Wednesday, February 23, 2011

NIOSH Science Blog Discusses Law Enforcement Injury Causes

The male lion statue at the National Law Enfor...Image via WikipediaLast week on Long Island many mourned the death of Nassau County Police Officer Michael J. Califano.  Officer Califano was killed when a flatbed truck slammed into his car during a routine traffic stop on the Long Island Expressway last Friday night (February 4, 2011).  Though his death was outside his vehicle, it is interesting that the National Institute of Occupational Safety and Health (NIOSH) science blog posting on February 9, 2011 was a discussion on "Cops and Cars".  The blog points out that, the occupational injury fatality rate for police officers was 4 times higher than the U.S. average [BLS, 2009] in 2009.  The blog also discussses a new report by the National Law Enforcement Officers Memorial Fund, line-of-duty deaths have dramatically increased – 40% – from 2009 to 2010 (NLEOMF, 2010).  Possible reasons for this significant increase include budget cuts, the expiration of semi-automatic weapon bans, and a diminishing respect for police officers; but these are, at best, speculations.

The blog then points out that, traffic-related incidents are actually the leading cause of death among our nation's law enforcement officers and have been for the past 13 years (NLEOMF, 2010).  In fact, over the past 5 decades, overall line-of-duty deaths have steadily declined and traffic-related fatalities have increased (2010).  More recently, traffic-related fatalities increased 43% between 2009 and 2010 (2010).  This increase includes officers involved in motor-vehicle crashes and those struck while outside their vehicles.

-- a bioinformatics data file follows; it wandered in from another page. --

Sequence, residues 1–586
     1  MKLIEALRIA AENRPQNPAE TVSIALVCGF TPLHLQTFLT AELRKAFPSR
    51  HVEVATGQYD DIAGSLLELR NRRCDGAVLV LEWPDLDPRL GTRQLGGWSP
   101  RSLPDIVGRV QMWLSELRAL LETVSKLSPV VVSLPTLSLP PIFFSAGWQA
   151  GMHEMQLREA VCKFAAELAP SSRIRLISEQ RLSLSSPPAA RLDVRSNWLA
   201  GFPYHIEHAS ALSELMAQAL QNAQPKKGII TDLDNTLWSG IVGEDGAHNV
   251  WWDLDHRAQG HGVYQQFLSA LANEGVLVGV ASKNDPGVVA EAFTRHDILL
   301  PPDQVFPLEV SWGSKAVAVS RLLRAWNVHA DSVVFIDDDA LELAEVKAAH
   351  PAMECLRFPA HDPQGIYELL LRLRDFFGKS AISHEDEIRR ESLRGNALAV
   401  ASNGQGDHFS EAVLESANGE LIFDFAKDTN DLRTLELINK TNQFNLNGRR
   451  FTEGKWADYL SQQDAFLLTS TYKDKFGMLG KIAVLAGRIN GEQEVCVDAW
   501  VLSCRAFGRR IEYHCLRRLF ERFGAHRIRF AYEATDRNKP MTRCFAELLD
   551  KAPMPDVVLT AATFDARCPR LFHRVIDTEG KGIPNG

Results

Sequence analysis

It is interesting that statistics indicate that law enforcement use of seat belts may be a factor.  Two studies showed that seat bealt use by law enforccement was between 38%-42%.  However, law enforcement have good reasons for not wearing seat belts, including the design of the seat belts can catch their gun holster as they quickly get out of their cars.  Because of this NIOSH is undertaking the first state-wide study of attitudes and beliefs of seatbelt usage among law enforcement officers.  This study will survey a random sample of Iowa law enforcement officers through their agency leadership.  The study will include officers in municipal departments, the state patrol, and sheriff's offices.  As NIOSH begins this research, they are requesting (through the NIOSH Science Blog) to hear from police officers, police administration, law enforcement unions, training academies, and motor-vehicle researchers about their experiences with motor-vehicle crashes and the usage of seatbelts while in patrol cars.  For more information visit the NIOSH Science Blog at http://www.cdc.gov/niosh/blog/.

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